I asked her if she'd ever lost either a husband or a child. No, she hadn't. When I asked her how she could possibly know which was worse, she told me that as a mother, she knew. Which, to me, would sort of be like saying that as a wife, I knew losing a husband was worse. It was ridiculous.
Her comments were so hostile and antagonistic (not to mention completely ignorant), it took pretty much everything in me not to upend her coffee table and scream, "HULK SMASH!" She proceeded to tear me a new one for a good 20 minutes while my blood pressure shot through the roof and I mentally slipped away to my happy place (lalalala la la la la la la laaaaa). I tried to calmly and rationally explain that while I had never lost a grown child, I had lost a baby, and they both sucked. That grief was grief and you can never possibly imagine the pain of losing a spouse, until you go through it yourself (something I recognize about losing a child and the primary reason I wouldn't argue that one is worse). It was all for naught, however. I ended up leaving, tears streaming down my face, storming back to my car (Sidenote: Sorry to the poor man I was walking behind who kept looking over his shoulder at me looking more and more terrified).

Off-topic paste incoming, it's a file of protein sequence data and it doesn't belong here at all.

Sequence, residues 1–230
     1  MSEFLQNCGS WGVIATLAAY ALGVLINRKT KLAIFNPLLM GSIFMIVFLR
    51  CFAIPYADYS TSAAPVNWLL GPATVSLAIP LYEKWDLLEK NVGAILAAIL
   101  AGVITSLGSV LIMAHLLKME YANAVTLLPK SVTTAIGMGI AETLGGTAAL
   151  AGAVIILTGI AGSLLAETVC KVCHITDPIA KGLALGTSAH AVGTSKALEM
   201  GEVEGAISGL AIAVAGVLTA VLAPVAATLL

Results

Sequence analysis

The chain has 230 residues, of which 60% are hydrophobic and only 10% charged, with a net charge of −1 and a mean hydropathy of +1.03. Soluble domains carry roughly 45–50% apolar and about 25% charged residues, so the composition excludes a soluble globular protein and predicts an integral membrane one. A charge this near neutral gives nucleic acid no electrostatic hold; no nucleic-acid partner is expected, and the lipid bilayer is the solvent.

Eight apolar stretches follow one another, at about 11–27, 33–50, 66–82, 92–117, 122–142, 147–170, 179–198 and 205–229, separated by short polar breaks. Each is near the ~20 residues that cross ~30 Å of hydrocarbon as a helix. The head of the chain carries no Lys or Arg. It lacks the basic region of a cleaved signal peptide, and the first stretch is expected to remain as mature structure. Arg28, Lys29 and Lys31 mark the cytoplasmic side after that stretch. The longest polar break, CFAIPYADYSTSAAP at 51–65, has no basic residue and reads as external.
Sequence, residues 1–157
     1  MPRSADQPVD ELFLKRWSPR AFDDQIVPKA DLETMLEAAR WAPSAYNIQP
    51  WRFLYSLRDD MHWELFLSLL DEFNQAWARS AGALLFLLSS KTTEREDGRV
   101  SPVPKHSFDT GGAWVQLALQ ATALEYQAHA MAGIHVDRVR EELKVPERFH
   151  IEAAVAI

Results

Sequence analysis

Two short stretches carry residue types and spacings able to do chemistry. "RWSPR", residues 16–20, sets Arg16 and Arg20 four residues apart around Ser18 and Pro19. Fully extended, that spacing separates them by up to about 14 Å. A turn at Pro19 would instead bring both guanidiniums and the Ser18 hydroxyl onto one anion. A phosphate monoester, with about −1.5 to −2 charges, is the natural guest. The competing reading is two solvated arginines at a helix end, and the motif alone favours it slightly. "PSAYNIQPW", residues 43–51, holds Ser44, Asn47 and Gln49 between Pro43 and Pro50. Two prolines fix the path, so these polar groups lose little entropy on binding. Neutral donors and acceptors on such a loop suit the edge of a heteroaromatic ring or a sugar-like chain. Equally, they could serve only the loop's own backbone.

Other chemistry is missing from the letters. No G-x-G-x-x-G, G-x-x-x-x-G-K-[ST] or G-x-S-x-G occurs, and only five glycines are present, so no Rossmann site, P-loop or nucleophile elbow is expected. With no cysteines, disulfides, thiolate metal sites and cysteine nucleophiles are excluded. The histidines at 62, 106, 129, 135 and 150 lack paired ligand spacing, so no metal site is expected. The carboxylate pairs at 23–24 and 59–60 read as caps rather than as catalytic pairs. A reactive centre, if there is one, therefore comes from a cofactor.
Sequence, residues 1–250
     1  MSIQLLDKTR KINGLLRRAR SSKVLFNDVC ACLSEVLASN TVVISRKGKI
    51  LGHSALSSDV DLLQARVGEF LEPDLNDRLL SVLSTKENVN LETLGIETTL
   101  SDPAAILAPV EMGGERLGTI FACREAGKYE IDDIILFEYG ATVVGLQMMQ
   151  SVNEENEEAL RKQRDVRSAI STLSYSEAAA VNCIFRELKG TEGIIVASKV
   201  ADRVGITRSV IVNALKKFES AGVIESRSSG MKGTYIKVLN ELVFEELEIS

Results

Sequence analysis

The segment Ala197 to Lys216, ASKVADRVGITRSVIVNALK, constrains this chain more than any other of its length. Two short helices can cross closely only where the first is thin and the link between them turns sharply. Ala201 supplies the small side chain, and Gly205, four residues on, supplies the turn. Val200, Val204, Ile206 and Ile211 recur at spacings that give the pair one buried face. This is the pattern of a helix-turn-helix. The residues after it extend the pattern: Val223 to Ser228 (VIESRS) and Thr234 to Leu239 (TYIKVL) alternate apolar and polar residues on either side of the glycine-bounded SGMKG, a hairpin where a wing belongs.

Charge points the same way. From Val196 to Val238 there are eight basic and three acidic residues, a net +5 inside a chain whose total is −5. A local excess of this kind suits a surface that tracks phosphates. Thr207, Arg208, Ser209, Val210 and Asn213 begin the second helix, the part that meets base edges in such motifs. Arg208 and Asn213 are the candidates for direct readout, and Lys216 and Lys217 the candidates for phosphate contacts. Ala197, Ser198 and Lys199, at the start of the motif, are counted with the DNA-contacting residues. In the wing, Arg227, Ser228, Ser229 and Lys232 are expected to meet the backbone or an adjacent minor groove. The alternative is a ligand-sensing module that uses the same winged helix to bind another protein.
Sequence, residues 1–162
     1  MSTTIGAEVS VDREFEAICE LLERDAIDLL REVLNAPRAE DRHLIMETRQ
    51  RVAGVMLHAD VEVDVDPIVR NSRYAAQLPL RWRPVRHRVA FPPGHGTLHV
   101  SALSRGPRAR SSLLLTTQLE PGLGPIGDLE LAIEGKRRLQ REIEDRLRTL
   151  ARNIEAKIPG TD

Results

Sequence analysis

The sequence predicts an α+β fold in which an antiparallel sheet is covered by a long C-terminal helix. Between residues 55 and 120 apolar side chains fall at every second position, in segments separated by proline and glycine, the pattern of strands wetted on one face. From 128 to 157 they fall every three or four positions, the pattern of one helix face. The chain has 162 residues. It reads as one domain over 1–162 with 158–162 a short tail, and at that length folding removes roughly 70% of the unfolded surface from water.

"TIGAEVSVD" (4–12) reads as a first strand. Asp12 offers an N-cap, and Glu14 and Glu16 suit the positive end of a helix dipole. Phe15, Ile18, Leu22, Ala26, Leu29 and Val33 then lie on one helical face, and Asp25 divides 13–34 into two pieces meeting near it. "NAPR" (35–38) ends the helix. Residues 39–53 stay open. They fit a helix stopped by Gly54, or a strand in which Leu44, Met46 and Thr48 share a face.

It was amazing that after all these years, someone's ignorance like that could still get to me. And so much! I was distraught the rest of the day and ranted about it to anyone who would listen for the rest of the week. The lack of empathy and total lack of professionalism where shocking.
So what makes people fly off the handle and enter into these silly competitions of comparing their grief? (Or in her case, comparing the grief of other people, not even her own)?
Partly I think it is a lack of awareness. Sometimes this is just a natural part of the early grieving process - we only see our pain because it is so big, it blocks out anything else (or anyone else). For some, I think it is a way of making themselves feel better. If my grief is worse than anyone else's, it explains why I haven't gotten out of bed in four days and my hair still smells like Cheetos. For others, perhaps like the woman I spoke to, they want to be the expert. They want to sound authoritative and more knowledgeable than anyone else. Or maybe they are just uncaring asshats. Who knows.
Because, you see, the My-Grief-Is-Bigger-Than-Your-Grief Competition only has losers. No winners.
Because grief sucks.
Whether you lost a spouse, a child, a parent, a sibling, it doesn't matter. There are so many factors that can impact grief: where you are at in your life, your relationship with who you lost, unresolved issues or feelings, watching them suffer, losing them suddenly, not getting to say goodbye, and so on and so forth. Every loss is so unique that "measuring" the grief is impossible.
Not to mention you can alienate and hurt the people around you, quite badly.
So if you ever find yourself accidentally letting slip a My-Grief-Is-Bigger-Than-Your-Grief, I urge you to take a moment, consider the person in front of you, and put yourself in their shoes. Try to imagine their pain, feel their grief.
It's awful too.